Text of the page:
Anyway, we checked into our little bed and breakfast, and immediately got that Del Griffith-Neal Page feeling as we walked into our entirely pink room that was aptly named Tiny and Willy's Bunk. Yep, father-son bonding at its finest.
In keeping with the rainbow-flagged theme, we took a lovely stroll through town, stopping in to art galleries, cafes, real estate agencies and bookstores alike, all the while looking for a suitable veggie platter and a decent bottle of wine... OK, that came out all wrong. But most of it is true. Woodstock is such an artsy kind of place that you can't help but to somehow become a part of it. (For the record, the number of times my dad muttered "what the hell do they put in the drinking water here?" in obvious reference to the disproportionately large number of well endowed women walking the streets: 46) I eventually settled on a twelve pack of Rolling Rock, a near mint vinyl copy of Van Morrison's Tupelo Honey (written in Woodstock), and an hour long pre-show nap.
We woke in time to secure the aforementioned veggie platter for the pot-luck, and drove up Plonchmann Lane sometime before 7. Of course, I forgot to bring the directions and the address so we drove right past the place at first, but we eventually got parked, cracked a few beverages, and began soaking it all in. It was pretty hard to believe how much food everyone brought. They had what amounted to the place's garage set up for food and drinks and merch for sale, and there was a solid three tables worth of munchies. The best part was how blatantly obvious it was which food items were brought by whom. Tasty, homemade goodies and rare, aged cheeses on dried fruit preserves: the guys who were there with their wives. Bags of chips and store-bought veggie platters: the dudes. Good times all around. Actually, somebody brought a platter smoked ribs and they disappeared in less than one minute. They were easily the best ribs I've ever tasted.
The inside of Levon's place is nothing short of breathtaking. It's an old converted barn, but it pretty well feels like the world's coolest loft, with ridiculously hight ceilings and every single beam exposed, with every bit of wood shiny and clean. There's a massive stone fireplace along one wall, a flat screen plasma hanging on the wall in the elevated "living room" area, room enough to entertain a couple hundred people, and pictures downstairs which could easily pass for a who's-who of sixties rock and roll. And the place doubles as a recording studio. After seeing Patty Griffin at Trinity St. Paul's in Toronto earlier in the week, I didn't think I'd actually find myself in a better venue four days later, but here we were nontheless.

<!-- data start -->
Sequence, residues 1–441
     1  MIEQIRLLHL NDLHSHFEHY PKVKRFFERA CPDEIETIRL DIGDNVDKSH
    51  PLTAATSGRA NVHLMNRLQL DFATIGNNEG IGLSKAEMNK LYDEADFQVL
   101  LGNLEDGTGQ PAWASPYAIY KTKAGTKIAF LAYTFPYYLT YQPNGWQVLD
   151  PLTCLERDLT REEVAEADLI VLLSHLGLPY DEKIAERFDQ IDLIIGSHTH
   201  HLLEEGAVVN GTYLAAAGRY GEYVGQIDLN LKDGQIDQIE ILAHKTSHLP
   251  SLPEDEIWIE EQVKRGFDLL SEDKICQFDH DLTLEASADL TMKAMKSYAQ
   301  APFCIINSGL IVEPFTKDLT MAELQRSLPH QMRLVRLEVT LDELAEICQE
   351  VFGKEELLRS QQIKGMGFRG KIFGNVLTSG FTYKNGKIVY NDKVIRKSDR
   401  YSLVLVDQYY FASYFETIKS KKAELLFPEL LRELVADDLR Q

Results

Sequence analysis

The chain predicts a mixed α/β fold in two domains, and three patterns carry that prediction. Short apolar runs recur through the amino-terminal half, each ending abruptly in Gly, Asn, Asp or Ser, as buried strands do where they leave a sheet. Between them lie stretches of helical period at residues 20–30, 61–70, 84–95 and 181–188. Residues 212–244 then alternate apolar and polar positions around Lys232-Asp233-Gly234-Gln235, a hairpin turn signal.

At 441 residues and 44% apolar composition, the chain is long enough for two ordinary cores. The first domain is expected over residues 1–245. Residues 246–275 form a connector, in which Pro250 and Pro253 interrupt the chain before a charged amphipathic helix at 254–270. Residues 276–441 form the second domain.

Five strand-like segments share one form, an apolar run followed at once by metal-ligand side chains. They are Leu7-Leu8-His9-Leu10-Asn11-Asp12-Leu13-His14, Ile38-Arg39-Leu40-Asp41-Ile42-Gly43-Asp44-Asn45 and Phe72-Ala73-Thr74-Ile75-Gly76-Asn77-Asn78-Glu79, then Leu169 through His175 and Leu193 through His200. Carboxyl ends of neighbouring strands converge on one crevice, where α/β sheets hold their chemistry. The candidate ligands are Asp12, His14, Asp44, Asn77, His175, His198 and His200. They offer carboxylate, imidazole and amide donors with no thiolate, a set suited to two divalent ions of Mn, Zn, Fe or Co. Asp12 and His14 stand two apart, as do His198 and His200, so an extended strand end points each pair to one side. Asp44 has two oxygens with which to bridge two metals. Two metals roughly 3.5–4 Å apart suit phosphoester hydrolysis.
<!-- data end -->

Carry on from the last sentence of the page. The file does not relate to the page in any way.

The opening band was called Bow Thayer & Perfect Train Wreck, and they definitely got the house rockin'. Bluesy, rootsy, country. Beautiful songwriting. It's a tough gig trying to open for Levon when it's still light outside, almost nobody is (overly) drunk yet, and even fewer people have ever heard of you or your music, but they did a fantastic job switching it up, with the lead singer going from guitar to banjo to ukulele and the drummer keeping a perfect, subtle beat all the while, soft when he needed to be, bringin' it home when called upon. By the time the lead singer pulled out the ukulele for a slow lament of a tune near the end, he had the entire audience eating out of his hand. If you're ever in Vermont and get a chance, try to check them out.
After the Train Wreck, my dad and I headed back out to the parking lot for a few more refreshments (by now, I had figured out that it was possible to fit 3 Rolling Rocks into two plastic cups) and a long-awaited outdoor piss break. By the way, Levon's place is built right up against a swamp, and I honestly think that the frogs were louder than the music. It was easily the loudest forest I'd heard since the Peruvian Amazon.
By the time we got back inside, The Alexis P. Suter Band was on the stage, and we were treated to some serious blues. Alexis is a total throwback to the days of Ma Rainey and Bessie Smith. A deep soulful voice, and a serious appreciation of the way the blues should be sung. Her larger than life stage presence and stature is best described in one of her songs when she belts out: "People pushin', steppin' on my feet / Had to stand 'cause I can't fit in those damn seats". A whole lotta woman, and an even bigger voice. Another highlight was a slowed down version they did of The Beatles Come Together. My dad had disappeared to the bathroom upstairs at that point (another wildcard highlight of The Ramble: when you take a piss at The Ramble, you're pissing in Levon's bathroom, complete with his shower and all of his toiletries right there) and he was feeling the tune so much that he just stayed upstairs for the rest of the set... I honestly thought he was in the shower, trying out Levon's loofa.